The Central Bank of Russia (CBR) as of February 20 passed governance of Peresvet bank, controlled by the Russian Orthodox Church, to the control of the Deposit Insurance Agency (DIA), Vedomosti daily reported, citing the regulator's order.
It is still not clear, however, what bail-out mechanism will be applied to the troubled bank, which reportedly holds major deposits of state corporations and VIP clients.
Notably, and despite Peresvet's evident troubles and downgrades to default-level ratings, the bank's licence has not yet been pulled as in the case of others like Vneshprombank.
Some of the large creditors of the bank such as Inter RAO energy holding, RusHydro hydropower holding, and the Chamber of Industry and Trade (which holds 24.4% in the lender) in December 2016 urged the CBR to bail the bank out, Vedomosti noted.
In early February, Peresvet approved an issue of 15-year bonds worth RUB125bn yielding 0.51% that were to be sold to the bank's largest creditors with around RUB500bn (€8bn) deposited, unnamed sources close to the CBR told the paper.
Therefore about 30 creditors could convert the bonds into equity in a bail-in mechanism. Until March 17, the DIA will collect bids for the bail-in mechanism, according to one creditor participating in the scheme, with some technical issues making the deal still uncertain.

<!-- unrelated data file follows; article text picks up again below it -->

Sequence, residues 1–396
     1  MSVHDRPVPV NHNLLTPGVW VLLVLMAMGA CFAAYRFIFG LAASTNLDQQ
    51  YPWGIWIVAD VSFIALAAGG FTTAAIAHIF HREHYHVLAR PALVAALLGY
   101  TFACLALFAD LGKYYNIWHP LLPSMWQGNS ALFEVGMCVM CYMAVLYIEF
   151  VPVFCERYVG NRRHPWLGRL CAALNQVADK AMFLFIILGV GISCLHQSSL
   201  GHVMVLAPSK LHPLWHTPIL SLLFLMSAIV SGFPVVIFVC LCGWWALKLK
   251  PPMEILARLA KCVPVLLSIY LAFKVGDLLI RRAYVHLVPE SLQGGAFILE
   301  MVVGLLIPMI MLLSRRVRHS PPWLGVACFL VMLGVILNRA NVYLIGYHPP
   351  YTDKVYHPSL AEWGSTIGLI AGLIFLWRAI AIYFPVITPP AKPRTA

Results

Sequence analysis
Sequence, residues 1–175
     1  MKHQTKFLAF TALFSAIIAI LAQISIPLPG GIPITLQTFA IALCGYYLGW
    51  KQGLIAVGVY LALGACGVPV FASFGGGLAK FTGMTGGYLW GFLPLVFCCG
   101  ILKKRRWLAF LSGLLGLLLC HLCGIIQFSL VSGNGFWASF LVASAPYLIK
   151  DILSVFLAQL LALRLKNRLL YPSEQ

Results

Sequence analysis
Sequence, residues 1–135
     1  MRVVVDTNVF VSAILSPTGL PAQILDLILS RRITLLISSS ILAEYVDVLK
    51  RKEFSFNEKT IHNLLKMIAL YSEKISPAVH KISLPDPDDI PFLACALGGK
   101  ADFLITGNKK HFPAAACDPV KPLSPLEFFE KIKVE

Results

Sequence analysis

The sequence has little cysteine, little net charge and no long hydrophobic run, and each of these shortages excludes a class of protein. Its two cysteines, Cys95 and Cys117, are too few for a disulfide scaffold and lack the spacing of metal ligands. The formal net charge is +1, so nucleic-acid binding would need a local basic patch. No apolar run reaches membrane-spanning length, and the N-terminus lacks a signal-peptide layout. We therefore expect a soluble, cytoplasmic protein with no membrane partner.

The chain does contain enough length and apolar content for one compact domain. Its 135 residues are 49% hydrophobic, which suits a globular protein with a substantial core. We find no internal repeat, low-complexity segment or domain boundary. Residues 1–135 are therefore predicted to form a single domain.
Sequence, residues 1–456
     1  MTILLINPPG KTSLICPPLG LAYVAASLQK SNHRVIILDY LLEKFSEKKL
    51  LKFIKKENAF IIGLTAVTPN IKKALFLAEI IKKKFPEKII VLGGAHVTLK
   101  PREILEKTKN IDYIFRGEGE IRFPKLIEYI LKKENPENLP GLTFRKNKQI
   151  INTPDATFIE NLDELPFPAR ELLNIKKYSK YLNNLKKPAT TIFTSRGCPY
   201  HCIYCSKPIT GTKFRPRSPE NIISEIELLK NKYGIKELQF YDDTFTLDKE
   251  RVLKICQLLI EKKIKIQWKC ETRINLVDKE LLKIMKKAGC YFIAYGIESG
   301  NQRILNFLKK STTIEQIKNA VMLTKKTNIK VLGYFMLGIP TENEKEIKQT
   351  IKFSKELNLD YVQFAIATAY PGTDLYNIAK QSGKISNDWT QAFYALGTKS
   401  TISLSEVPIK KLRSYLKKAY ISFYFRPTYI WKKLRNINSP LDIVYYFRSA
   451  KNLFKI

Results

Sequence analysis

Previously industry sources assumed that a hole in Peresvet's capital worth tens of billions of rubles could be a serious burden on the strained DIA, which is likely to keep the CBR from bailing the bank out directly.
The Moscow Patriarchy controls 36.5% of the bank, another 13.2% is held by the Church-controlled fund Sodeystvie, 24.4% by the Russian Chamber of Trade and Commerce, with smaller stakes controlled by private individuals, including 12.4% by the bank's head Alexander Shvetsov.
On October 21, the CBR took over Peresvet's operations by appointing a temporary administration and halting any transfers to creditors.
Fitch Ratings downgraded the bank's long-term Issuer Default Rating (IDR) from 'B+' to default-level 'D', the agency said on October 24, while Standard & Poor's also downgraded the bank's long-term credit rating from 'CCC-' to 'D'.